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  9. Nat Hansen & Emmanuel Chemla (2013). Experimenting on Contextualism. Mind and Language 28 (3):286-321.score: 30.0
    This paper concerns the central method of generating evidence in support of contextualist theories, what we call context shifting experiments. We begin by explaining the standard design of context shifting experiments, which are used in both quantitative surveys and more traditional thought experiments to show how context affects the content of natural language expressions. We discuss some recent experimental studies that have tried and failed to find evidence that confirms contextualist predictions about the results of context shifting experiments, and consider (...)
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  10. Nat Hansen (2012). J. L. Austin and Literal Meaning. European Journal of Philosophy 20 (4):n/a-n/a.score: 30.0
    Alice Crary has recently developed a radical reading of J. L. Austin's philosophy of language. The central contention of Crary's reading is that Austin gives convincing reasons to reject the idea that sentences have context-invariant literal meaning. While I am in sympathy with Crary about the continuing importance of Austin's work, and I think Crary's reading is deep and interesting, I do not think literal sentence meaning is one of Austin's targets, and the arguments that Crary attributes to Austin or (...)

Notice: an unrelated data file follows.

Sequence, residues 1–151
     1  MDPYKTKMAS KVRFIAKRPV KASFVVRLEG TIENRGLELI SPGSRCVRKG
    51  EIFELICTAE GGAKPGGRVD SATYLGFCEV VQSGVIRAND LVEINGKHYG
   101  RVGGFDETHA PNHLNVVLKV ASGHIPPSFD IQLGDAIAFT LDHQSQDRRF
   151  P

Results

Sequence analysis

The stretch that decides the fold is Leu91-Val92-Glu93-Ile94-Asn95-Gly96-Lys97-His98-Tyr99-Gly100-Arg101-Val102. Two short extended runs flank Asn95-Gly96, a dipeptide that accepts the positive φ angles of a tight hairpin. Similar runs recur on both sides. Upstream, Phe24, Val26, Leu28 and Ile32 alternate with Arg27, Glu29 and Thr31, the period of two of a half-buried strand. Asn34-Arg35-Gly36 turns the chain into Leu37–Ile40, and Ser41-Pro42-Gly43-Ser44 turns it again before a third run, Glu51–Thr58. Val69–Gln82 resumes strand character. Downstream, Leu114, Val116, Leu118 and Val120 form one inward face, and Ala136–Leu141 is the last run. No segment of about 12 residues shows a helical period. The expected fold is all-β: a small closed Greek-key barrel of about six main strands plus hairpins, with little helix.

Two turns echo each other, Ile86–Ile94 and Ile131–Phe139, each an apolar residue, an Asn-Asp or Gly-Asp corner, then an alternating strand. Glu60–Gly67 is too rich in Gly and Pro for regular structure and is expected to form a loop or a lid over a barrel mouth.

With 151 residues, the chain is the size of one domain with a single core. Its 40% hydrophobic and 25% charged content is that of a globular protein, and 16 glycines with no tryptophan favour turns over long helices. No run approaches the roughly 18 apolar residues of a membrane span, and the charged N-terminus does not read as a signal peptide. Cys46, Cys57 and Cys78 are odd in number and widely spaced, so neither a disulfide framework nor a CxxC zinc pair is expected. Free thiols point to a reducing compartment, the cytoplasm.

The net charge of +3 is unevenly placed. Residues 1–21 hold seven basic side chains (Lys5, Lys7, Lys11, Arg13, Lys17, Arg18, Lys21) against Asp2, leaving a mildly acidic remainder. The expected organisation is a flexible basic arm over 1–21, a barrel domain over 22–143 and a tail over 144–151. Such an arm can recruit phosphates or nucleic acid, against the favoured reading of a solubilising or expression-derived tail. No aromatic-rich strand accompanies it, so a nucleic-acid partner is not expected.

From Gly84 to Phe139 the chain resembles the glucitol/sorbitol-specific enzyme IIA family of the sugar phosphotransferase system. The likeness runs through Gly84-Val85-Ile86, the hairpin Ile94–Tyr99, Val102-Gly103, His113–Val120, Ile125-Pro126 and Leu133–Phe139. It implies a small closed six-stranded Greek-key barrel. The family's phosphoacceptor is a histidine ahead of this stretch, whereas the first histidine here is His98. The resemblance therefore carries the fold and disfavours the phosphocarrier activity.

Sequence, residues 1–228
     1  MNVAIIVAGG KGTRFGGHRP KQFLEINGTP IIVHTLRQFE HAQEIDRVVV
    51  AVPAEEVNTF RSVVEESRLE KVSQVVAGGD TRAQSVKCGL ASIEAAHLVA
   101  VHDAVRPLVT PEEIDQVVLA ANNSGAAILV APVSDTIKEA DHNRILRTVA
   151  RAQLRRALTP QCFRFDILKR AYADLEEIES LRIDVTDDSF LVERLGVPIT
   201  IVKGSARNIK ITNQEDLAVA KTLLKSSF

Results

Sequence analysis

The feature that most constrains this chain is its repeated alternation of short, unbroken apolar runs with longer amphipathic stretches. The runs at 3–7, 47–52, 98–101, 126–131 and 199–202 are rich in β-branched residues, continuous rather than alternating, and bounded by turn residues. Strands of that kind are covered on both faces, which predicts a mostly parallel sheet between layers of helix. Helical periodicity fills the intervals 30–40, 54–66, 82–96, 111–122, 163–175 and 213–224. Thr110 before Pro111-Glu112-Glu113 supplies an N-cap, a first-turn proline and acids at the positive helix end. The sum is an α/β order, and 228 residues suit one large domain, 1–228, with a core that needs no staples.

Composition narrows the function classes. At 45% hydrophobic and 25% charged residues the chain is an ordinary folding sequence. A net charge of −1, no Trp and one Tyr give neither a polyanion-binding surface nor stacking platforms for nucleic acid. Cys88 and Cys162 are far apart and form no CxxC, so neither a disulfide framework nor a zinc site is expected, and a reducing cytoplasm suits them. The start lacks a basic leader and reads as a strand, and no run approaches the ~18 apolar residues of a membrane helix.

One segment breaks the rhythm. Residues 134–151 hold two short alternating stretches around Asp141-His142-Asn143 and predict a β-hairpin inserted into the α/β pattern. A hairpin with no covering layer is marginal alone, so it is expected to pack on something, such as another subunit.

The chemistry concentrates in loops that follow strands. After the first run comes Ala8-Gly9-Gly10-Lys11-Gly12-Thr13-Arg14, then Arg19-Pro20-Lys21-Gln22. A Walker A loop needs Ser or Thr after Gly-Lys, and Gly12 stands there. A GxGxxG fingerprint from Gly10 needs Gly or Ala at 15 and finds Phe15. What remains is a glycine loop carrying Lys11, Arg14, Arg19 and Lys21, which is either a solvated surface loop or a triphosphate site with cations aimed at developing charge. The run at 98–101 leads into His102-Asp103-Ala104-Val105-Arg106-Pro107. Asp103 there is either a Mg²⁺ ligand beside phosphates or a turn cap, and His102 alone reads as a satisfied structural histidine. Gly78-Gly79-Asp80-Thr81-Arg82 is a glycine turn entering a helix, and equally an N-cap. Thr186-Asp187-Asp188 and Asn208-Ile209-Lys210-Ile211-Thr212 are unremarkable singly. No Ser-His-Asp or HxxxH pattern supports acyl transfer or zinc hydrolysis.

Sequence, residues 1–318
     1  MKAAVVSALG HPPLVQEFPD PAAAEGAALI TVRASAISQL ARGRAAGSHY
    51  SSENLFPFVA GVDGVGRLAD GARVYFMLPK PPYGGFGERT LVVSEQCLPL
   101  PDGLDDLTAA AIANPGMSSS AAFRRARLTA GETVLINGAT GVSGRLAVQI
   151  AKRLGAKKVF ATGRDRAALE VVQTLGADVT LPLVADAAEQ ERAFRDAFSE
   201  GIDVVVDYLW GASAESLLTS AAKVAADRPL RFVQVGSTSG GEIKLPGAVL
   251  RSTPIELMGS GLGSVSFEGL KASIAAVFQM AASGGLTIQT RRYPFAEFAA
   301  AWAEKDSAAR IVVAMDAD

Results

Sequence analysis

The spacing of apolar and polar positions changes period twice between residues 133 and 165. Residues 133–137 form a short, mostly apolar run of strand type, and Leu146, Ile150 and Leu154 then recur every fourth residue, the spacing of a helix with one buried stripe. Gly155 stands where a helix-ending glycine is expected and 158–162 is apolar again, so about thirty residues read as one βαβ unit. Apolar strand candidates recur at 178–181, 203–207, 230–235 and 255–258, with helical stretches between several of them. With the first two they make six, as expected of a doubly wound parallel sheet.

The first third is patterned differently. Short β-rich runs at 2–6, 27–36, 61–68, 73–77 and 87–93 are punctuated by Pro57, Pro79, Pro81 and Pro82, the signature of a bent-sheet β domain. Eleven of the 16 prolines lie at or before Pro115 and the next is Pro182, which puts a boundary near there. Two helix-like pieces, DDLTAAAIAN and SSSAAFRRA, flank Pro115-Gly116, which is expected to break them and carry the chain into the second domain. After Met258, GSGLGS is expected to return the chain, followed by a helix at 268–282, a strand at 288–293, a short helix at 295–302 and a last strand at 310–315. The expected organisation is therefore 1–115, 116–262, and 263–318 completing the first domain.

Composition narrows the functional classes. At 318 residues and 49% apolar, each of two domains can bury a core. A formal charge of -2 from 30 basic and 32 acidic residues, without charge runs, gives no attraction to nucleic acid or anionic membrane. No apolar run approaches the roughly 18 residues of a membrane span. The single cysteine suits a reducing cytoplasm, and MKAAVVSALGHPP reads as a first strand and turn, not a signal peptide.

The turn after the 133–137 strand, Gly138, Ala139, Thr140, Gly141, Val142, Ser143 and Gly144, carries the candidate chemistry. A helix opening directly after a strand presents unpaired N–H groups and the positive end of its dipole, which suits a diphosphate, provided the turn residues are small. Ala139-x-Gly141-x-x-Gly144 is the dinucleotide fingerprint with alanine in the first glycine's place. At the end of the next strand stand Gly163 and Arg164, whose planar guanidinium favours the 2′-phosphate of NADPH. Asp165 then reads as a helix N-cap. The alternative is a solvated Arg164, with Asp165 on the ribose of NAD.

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  11. Jennifer Hansen (2013). From Hinge Narrative to Habit: Self-Oriented Narrative Psychotherapy Meets Feminist Phenomenological Theories of Embodiment. Philosophy, Psychiatry, and Psychology 20 (1):69-73.score: 30.0
    In what follows, I offer some friendly amendments to Potter’s psychotherapeutic model—‘the hinge narrative’ (HN)—designed to help bipolar patients cultivate self-trust. My primary contribution is to suggest an alliance between narrative theory and feminist phenomenological theories of embodiment. I argue that these projects are mutually supporting in both the metaphysical and therapeutic project of constituting a rich moral self, that is, a self who has self-trust and thereby satisfying relationships with others. I also register a slight disagreement with Potter concerning (...)